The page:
Some of my earliest published writing were reviews of small press comics, for Independent Propaganda and then the Pulse. During that time, I also submitted work to a fledgling, and now-defunct, site: graphicnovelreview(dot)com. The main stipulation for their reviews were that they not go over 500 words. It was a fun challenge, trying to get everything I wanted to say on the page while being economical with my words, and I was happy with the submission I crafted for Don Lomax's Vietnam Journal. I never did hear back from them. No big deal. But, I did come across that piece in an old file folder a few days back and thought I would share--not just because I, generally, like what I wrote, but because Vietnam Journal is a great comic (#7 in my personal Top Ten all time comics--storylines edition). Hope you enjoy. And if you're looking for a great war comic, seek this book out, it's collected and available through Amazon.
Back in the World: a review of the graphic novel Vietnam Journal,
created by Don Lomax, published by Transfuzion publishing.
By C. M. Beckett
Written and illustrated by Don Lomax, Vietnam Journal is a brutally honest look at what it was like incountry during the Vietnam conflict. Wishing to “ . . . counter the sophomoric, one-man-war approach to Vietnam” typified by the Rambo movies, Lomax opts in favor of diverse characters dealing with the horror of their reality. In a genre that falls so easily into cliché – John Wayne, Sgt. Rock, et al. – Lomax sidesteps these deftly while telling stories focused on serious, and sometimes unsettling, issues.
The first chapter, “The Field Jacket,” exemplifies this when Scott “Journal” Neithammer, a freelance news correspondent, relates the story of the tattered field jacket he wears to his new comrades. He shares how one wearer avoided fatal injury from a homemade explosive while another’s mission was unexpectedly aborted. In every instance, the owner believed his good fortune was a result of the jacket’s protective qualities. When each of these soldiers left Vietnam – either due to a serious, or fatal, injury – the field jacket passed to another grunt until ultimately being laid at Journal’s feet. With its supernatural pedigree, Journal sees it in the same light as its previous owners, a good luck charm. In the end, however, the soldiers in Journal’s new company point out that the only luck that can be ascribed to the jacket is bad, since most who wore it became “believers.” These soldiers, despite having just crossed from the threshold of boyhood, realize that bravado and superstition won’t help them survive.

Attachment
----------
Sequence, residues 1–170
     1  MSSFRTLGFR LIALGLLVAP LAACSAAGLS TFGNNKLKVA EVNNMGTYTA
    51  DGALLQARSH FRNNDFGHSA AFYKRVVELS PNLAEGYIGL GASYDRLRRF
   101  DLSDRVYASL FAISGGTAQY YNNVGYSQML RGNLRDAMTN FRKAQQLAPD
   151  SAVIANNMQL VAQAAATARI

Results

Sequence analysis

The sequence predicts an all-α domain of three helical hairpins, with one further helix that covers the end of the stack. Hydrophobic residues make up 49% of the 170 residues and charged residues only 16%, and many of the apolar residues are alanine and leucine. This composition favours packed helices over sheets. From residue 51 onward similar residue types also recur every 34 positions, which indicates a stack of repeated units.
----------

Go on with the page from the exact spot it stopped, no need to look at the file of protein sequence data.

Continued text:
Lomax’s art is not as polished as you might find in more mainstream comics, but there is a fluidity to his work reminiscent of Will Eisner or Stephen Bissette. What Lomax’s art lacks in “beauty” is more than offset by his skilled use of the comic page’s unique strengths. His backgrounds are fully realized, evoking the splendor and harshness of Vietnam, while splash pages are used sparingly, adding to their impact and allowing them to resonate long after one closes the book.
Lomax is also one of a handful of creators able to use captions successfully. Rather than reiterating what can be found in the pictures, he utilizes them to add to the narrative. Lomax allows the images and words to mesh together in service to the story, elevating Vietnam Journal above the vast majority of graphic novels found on the shelves.
Like any good work of fiction, Vietnam Journal also educates its readers. Not only does it inform its audience of those turbulent times – through the “Back in the World” feature, which includes excerpts from newspaper stories of the day – but the book also teaches readers about life. With events continuing to spiral out of control in the Middle East, these stories are more relevant today than when initially produced twenty years ago. Mr. Lomax presents an unfiltered view of what war is really like based on his own tour of duty in Vietnam. These are important stories that should be shared so their lessons can be passed on to a new generation.